Thursday, May 31, 2012

Weightless in Britain

As youngsters, we referred to the comedy duo of Stan Laurel and Oliver Hardy as Fat and Skinny. Of the team of Bud Abbot and Lou Costello, everyone described the latter as the Fat One. Of the Dean Martin and Gerry Lewis twosome, Lewis was known as the goofy-looking guy. All these performers capitalized handsomely on their physical features.

For the latest example of a legitimate concern on the verge of going wrong, we have a report of the British Parliament, Reflections on Body Image. Some honourable members want it declared  a hate crime to describe a person as "obese" or even to draw attention to a person's weight. An All Party Parliamentary Group on Body Image has recommended criminalization of "appearance-based discrimination".

Much of the report was based on the fact that more than 50 per cent of the population have a negative body image. That statistic from the U.K. Centre for Appearance Research. The Centre also states that 20 per cent have been victimized because of their weight.

A key person involved with the report suggested that doctors should refrain from telling patients they have excess weight. "If they don't feel overweight, and there are no health indications, what's the problem?" she asked. Studies have consistently shown that overweight people underestimate how fat they really are.

It is to be hoped that, before any legislation is enacted, a more realistic view of body image will prevail.

Sunday, May 13, 2012

Historical "racism"

An email to Toronto Star. Published on line May 14, 2012.

Re Refugee bill returns to the bad old days, May 7:

This report speaks of "legally-sanctioned racism" and of Canada returning "to the days when racism and xenophobia were part of our official immigration policy".
  This opinion is an example of presentism, that is, judging former times by today's supposedly superior standards. 

At one time, majority feeling, as reflected in government policy, was that English-speaking immigrants were favoured because of their easier and less expensive assimilation into Canadian life. At another time, only farmers were admitted, because that's what the young nation then needed.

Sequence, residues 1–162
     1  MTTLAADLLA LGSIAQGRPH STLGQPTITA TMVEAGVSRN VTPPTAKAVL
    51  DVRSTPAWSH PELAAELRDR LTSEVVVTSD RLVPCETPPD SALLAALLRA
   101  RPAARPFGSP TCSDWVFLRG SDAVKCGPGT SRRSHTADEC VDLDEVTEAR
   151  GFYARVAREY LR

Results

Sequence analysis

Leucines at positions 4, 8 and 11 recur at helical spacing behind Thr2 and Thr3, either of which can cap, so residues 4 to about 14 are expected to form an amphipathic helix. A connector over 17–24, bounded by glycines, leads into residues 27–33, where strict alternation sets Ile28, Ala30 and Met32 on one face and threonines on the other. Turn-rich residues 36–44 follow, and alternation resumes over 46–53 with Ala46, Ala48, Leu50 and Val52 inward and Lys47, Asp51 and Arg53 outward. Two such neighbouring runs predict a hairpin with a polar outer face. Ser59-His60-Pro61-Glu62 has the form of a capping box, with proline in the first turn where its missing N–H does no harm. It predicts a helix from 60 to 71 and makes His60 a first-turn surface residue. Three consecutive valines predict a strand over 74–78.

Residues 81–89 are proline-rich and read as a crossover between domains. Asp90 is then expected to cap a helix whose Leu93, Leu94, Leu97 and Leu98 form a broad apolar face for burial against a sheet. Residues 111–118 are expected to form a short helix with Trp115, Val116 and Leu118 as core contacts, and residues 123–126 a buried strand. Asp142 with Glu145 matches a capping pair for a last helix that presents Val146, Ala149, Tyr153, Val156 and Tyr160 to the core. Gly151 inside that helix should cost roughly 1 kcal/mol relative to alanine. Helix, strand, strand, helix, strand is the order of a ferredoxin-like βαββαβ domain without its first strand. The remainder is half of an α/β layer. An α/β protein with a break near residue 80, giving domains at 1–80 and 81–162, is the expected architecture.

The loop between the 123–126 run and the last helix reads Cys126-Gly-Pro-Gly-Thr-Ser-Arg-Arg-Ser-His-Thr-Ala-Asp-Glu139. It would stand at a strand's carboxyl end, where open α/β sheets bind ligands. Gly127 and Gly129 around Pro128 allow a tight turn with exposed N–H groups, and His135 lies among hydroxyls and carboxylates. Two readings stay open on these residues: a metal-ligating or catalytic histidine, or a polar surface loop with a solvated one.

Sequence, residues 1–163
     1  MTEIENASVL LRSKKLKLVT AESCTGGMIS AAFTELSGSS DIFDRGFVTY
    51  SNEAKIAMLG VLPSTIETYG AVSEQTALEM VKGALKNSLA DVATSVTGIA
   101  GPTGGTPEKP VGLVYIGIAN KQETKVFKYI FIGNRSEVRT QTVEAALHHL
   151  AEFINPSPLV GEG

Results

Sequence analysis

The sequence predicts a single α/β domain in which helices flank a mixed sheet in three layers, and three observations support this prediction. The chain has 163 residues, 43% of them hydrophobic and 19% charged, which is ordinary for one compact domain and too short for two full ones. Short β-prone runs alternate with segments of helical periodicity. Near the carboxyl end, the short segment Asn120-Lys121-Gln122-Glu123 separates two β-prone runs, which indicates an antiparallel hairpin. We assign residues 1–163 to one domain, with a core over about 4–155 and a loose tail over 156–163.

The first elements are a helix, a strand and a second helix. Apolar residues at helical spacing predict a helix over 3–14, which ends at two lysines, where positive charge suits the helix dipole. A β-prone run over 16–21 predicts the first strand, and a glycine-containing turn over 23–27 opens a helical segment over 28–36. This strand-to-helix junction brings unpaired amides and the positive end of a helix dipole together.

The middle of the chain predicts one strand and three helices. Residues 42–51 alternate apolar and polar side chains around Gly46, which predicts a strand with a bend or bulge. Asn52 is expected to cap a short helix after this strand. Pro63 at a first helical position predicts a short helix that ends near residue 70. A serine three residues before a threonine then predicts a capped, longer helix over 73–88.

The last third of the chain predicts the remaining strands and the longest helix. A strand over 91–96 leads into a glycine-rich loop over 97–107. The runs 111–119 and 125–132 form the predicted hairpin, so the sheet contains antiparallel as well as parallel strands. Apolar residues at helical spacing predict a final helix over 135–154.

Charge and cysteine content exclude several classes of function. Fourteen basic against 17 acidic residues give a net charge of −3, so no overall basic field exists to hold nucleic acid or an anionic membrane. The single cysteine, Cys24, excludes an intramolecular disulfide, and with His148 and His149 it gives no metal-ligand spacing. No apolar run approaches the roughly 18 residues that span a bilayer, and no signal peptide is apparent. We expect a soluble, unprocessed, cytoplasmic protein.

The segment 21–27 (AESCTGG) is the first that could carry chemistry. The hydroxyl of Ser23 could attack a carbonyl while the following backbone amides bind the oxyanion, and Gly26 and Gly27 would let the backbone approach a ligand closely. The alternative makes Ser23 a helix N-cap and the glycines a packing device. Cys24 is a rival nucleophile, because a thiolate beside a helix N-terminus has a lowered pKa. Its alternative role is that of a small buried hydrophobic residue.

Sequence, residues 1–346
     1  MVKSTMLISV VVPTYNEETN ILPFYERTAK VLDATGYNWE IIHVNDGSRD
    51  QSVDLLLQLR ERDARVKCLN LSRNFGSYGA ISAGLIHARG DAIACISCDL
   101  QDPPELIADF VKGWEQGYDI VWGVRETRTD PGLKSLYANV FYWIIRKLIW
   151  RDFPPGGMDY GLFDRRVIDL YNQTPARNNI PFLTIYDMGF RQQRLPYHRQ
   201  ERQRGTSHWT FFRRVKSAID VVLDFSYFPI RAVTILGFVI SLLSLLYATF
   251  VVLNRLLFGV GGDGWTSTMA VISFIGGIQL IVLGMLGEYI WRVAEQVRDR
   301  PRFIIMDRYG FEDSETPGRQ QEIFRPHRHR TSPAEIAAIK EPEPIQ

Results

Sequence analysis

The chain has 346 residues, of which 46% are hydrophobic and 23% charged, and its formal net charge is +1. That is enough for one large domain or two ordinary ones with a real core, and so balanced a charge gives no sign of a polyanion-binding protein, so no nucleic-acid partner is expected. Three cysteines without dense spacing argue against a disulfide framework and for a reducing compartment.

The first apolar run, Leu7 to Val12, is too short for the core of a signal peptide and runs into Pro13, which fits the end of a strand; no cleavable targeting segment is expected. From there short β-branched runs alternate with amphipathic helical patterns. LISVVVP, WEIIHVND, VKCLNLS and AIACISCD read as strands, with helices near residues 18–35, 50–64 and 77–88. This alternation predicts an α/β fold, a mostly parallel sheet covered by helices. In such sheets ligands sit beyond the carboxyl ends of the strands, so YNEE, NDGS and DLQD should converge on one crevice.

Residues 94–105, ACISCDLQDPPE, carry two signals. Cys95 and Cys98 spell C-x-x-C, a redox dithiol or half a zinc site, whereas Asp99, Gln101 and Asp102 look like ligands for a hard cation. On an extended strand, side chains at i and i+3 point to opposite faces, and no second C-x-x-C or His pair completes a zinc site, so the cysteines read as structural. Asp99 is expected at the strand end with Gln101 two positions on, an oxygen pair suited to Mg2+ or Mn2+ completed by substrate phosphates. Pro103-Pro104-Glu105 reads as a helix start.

This feeling and policy continued well into the 1960s. Today, it is hyperbole to speak of "toxins that are poisoning our country".  The word racism trips off the tongue too lightly in contemporary discourse.

Our immigration policy exists for the sole benefit of Canada. That said, we are obliged to show some leniency towards the downtrodden, the refugees and others rendered desolate by events beyond their control. Such leniency must be tempered by economic conditions and our ability to absorb more newcomers.

This report also leaves the impression that only Japanese were confined to internment camps during the Second World War. Two immigrants on our street in downtown Toronto were whisked away by the police. They joined other Germans and Italians placed in internment camps for the duration of the war. Little has been said about the economic hardship caused to their families. To my knowledge, they have not even asked for an apology.

Thursday, May 3, 2012

Women Exploited

Tired of all that advice about losing weight?  In the mid-1990s, Sassy magazine gave 13 reasons not to diet.  The magazine for young women stated boldly: Starving yourself is complete and total lunacy.  Dieting makes you boring.  You'll gain it back, anyway. 

The "evil diet industry" is unregulated and has no legal obligation to prove its products work, the magazine pointed out.  The promise of liberation through weight loss is false.  Today's barbie-doll worship does much harm to girls and young women. 

Unnatural mannequins, computer-altered photographs, anorexic models, all create a false ideal.  Marilyn Monroe, sex goddess of the 1960s, would today be considered too large by the fashion industry.  It wants us to believe the ideal shapes are thin, thinner and thinest.

Unfortunately, too many young women believe this nonsense.  They look into the mirror, imagine their bodies much larger than they really are, and lose their self-confidence.  Naomi Wolf alerted us to this mischief in her book The Beauty Myth.  She tells how the industry's creation of a mythical, perfect body has taught young women and girls to hate their bodies.  This self-loathing leads to eating disorders and depression.

As a first line of defence, every woman should read Gloria Steinem's Revolution from Within.  The book's argument is that too many of our systems of authority undermine women's opinion of themselves.  People in this condition are ready victims for unproven products and services.  As Steinem says it: "Liberation begins with the nurturing of self-esteem."